Moral panic by female culture

At the same time, the criticism of the burgeoning and hedonistic consumer culture, particularly among women, can be seen as a statement against objectionable luxuriousness and vanity. Extravagance and frivolity does not fit the profile of a Protestant and economically minded Scandinavian. Shopping is thus the form of consumption which seems to be easiest to criticize. And buying a car is not thought of as shopping, whilst buying clothes, shoes, makeup, decorative objects and other consumer goods – that is, the kind of consumption mainly done by women – is.

The shopping woman is characterised as the irresponsible, egocentric and vain consumer – as a modern Marie Antoinette. (c) 2007 Layout and Design Sony Pictures Home Entertainment. All Rights Reserved.

The shopping woman is characterised as the irresponsible, egocentric, vain and conspicuous consumer – as a modern Marie Antoinette. From an environmental viewpoint it is not, however, as condemnable to buy a handbag for 60,000 SEK – which started the so called bag debate in Swedish media in the spring of 2007 – as buying a car for the same amount of money is. It is, on the other hand, morally condemnable. And the immorality of women tends to be more upsetting than that of men.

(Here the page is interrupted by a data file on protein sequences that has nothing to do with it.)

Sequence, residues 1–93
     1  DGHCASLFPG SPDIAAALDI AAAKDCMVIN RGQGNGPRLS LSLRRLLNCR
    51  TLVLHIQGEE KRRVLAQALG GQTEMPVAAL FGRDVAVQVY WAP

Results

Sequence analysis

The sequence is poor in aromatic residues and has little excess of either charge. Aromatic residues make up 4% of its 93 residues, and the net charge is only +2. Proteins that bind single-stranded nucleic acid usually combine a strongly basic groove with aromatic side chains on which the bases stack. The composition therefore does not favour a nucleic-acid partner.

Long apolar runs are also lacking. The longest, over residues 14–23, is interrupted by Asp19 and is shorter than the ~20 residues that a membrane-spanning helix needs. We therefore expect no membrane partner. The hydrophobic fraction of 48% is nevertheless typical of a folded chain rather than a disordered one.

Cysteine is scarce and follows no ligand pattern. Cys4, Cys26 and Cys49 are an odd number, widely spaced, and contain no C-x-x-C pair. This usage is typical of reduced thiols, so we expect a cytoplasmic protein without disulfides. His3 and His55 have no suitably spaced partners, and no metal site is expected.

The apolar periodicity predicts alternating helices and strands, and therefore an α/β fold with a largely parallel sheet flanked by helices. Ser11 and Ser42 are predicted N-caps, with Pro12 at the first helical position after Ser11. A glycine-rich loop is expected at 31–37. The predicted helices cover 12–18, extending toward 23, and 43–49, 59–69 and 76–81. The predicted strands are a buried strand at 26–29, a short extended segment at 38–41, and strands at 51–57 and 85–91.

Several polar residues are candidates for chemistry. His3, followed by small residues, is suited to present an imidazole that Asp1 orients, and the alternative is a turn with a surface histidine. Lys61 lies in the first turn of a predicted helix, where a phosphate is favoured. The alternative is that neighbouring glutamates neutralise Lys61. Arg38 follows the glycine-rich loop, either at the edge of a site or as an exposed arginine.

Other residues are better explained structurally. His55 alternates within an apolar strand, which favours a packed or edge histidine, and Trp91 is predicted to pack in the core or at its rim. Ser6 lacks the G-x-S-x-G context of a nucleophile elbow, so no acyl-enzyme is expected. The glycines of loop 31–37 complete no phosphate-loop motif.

Alternative hedonism

When it comes to solutions for the problems of both men’s and women’s over-consumption in our wealthy countries, Kate Soper wants to challenge the whole consumerist lifestyle and the financial logic it is based on. It is not only the environment that pays the price for our uncontrolled consumption, we do so we ourselves, too. Soper thinks that today’s western societies are characterised by an increasingly troubled relationship to unchecked consumption. She is discerning a growing dissatisfaction stemming from the unwanted by-products of consumerist lifestyle.

“There is media coverage every day of this new climate of disenchantment, with its concerns over the stress, pollution, ill-health, childhood obesity, car congestion, noise, excessive waste and the loss of the ‘art of living’”, says Soper.